increasing ‘colonization’ of the lifeworld by monetarisation and
bureaucratisation. Part of this process is a growing ‘juridification’ of social
institutions and social interaction, in which legal norms and ideas come to
dominate other sources of ethical and conceptual orientation. We will also
examine his analysis of the public sphere, the importance of rational public
discourse, and the role which law can play in mediating the relationship
between system and lifeworld, rather than merely facilitating the colonization of
the lifeworld through juridification. We will also explore the idea that shows like
the Jerry Springer show function as a contemporary form of the public sphere.
• Bo Carlsson, ‘Jurgen Habermas and the sociology of law’ B&T Chapter 4.
• Jürgen Habermas, ‘Paradigms of Law’ (1996) 17 Cardozo Law Review 771.
Week 4 – Closure and openness in the legal system: Niklas Luhmann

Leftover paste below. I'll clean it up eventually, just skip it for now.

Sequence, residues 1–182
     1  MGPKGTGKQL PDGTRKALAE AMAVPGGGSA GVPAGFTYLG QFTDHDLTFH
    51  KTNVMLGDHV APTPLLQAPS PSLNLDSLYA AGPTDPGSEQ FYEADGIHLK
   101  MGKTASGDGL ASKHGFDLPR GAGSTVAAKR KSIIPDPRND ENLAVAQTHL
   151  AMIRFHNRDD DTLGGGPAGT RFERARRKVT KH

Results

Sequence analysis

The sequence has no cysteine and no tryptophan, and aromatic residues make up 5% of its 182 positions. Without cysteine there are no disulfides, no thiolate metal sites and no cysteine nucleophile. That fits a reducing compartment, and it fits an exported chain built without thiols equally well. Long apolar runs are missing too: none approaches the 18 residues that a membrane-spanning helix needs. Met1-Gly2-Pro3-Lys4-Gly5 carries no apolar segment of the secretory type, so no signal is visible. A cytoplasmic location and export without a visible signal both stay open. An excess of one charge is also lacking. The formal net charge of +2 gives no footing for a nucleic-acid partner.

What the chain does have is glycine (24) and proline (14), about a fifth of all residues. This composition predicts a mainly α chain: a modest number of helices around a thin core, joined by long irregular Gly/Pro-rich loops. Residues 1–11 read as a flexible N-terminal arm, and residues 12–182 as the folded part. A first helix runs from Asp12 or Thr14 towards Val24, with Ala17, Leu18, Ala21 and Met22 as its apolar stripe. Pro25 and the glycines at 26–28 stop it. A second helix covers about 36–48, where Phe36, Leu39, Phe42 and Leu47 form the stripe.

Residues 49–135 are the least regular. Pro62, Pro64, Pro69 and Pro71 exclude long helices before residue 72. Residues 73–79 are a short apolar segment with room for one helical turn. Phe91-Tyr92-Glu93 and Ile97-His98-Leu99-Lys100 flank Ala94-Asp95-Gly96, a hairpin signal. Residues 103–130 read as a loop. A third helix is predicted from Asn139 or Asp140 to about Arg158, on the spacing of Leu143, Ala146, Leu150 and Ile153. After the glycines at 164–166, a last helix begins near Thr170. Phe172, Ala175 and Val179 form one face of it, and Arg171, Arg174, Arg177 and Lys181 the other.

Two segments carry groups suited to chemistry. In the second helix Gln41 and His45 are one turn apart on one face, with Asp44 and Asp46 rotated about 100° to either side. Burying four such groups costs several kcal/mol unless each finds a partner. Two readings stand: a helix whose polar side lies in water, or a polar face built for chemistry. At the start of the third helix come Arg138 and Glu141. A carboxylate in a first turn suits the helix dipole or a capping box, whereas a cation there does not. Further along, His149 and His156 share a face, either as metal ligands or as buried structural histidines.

Niklas Luhmann’s work has also become a central reference point for many
social scientific analyses of the legal system. This week we will begin by
examining his approach to the question of law’s closure in relation to the rest of
society. He addresses the idea that law might possess greater or lesser
degrees of autonomy or closure in relation to the extra-legal world by focusing
on the character of law as a system of communication. He sees law as an
‘autopoietic’ or self-reproducing system of meaning and communication rather
than as a set of institutional forms, structures or practices, so we will explore
exactly how this works and attempt to apply the analysis to particular case
• Klaus A. Ziegert, ‘The thick description of law: an introduction to Niklas Luhmann’s theory’, B&T Chapter 3.
• Niklas Luhmann, ‘Operational closure and structural coupling: the differentiation
of the legal system’ (1992) 13 Cardozo Law Review 1419.
Week 5 – The force of the legal field: Pierre Bourdieu
The French sociologist Pierre Bourdieu works with a completely different
vocabulary and conceptual apparatus, which produces a distinctive perspective